Draft picks – The Raptors included their 2019 first-round pick in the Spurs trade, which means not only is it not available, the Raptors also can’t include their 2020 first-round pick. That’s because of what’s known as The Stepien Rule which prevents teams from dealing futurefirst-round picks in consecutive years. I note future because once the 2019 draft passes, the Raptors can once again include their 2020 first, assuming they haven’t dealt their 2021 first by then.
The Raptors own all of their second-round picks but technically can’t trade their 2020 or 2023 seconds. That’s because if the 2019 first pick they owe the Spurs, which is lottery protected, doesn’t convey, it would become those two second-rounders. Even though there’s only an infinitesimal chance of the Raptors falling out of the playoffs this year, they can’t trade those seconds because in theory they could be owed to San Antonio.
Teams can trade picks up to seven years out, so the Raptors can trade their picks as far as 2025.
Player rights – The Raptors hold the draft rights to Emir Preldzic and DeeAndre Hulett, two players who are unlikely to ever see the NBA. These rights still hold value because NBA rules dictate that each side has to send something in any trade, and so outdated draft rights can work as a sort of currency. The Raptors also hold free-agent rights on Nando De Colo, Lucas Nogueira and Jason Thompson, but those rights are not eligible to be traded — they strictly apply to free agency. (In 2011, the NBA closed the loophole that previously existed where teams could use Bird rights to sign a free agent to include for salary matching purposes.)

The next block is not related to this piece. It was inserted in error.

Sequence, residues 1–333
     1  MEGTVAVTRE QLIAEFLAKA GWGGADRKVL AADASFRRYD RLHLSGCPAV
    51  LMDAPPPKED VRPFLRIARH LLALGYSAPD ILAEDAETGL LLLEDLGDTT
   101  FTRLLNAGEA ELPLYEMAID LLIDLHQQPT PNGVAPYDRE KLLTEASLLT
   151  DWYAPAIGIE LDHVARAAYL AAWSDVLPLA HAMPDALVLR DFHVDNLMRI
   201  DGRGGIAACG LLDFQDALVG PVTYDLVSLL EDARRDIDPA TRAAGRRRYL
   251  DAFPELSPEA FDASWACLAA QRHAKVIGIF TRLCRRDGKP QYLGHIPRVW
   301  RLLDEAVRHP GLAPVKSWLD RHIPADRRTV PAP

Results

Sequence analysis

Everyone on the Raptors’ roster is eligible to be traded except McCaw. Teams can’t trade a player until three months after signing them (unless it’s a sign-and-trade) or until Dec. 15, whichever comes later. In McCaw’s case, the three-month window will expire after the deadline.
Two-way contracts are allowed to be traded, by the way, but they don’t count for salary matching and can’t create a trade exception. The Raptors also couldn’t, say, convert Chris Boucher to an NBA contract and then include him in a trade, as the three-month window that applies to McCaw also applies after a two-way deal is converted. (This doesn’t mean Boucher or Jordan Loyd couldn’t be trade chips, just that they can’t help make any math work.)
In some years, there are a lot of complicating factors in this section. At times in the past, the Raptors have been operating as a below-cap team, an above-cap team or a hard-capped team. This year, they’re a luxury-tax team that also isn’t hard-capped. That means they face the harshest trade restrictions but it really simplifies what is and isn’t allowable from a salary matching perspective.
The Raptors can take back 125 percent of their outgoing salary, plus $100,000.
So if they send out $10 million, they can take back $12.6 million. If they send out $15 million, they can take back $18.85 million. If they send out, oh I don’t know, $8,333,333, they can take back $10,516,666. And so on. There are big luxury-tax considerations for taking on additional salary, as discussed, but the Raptors can theoretically continue to add to their cap sheet via trade.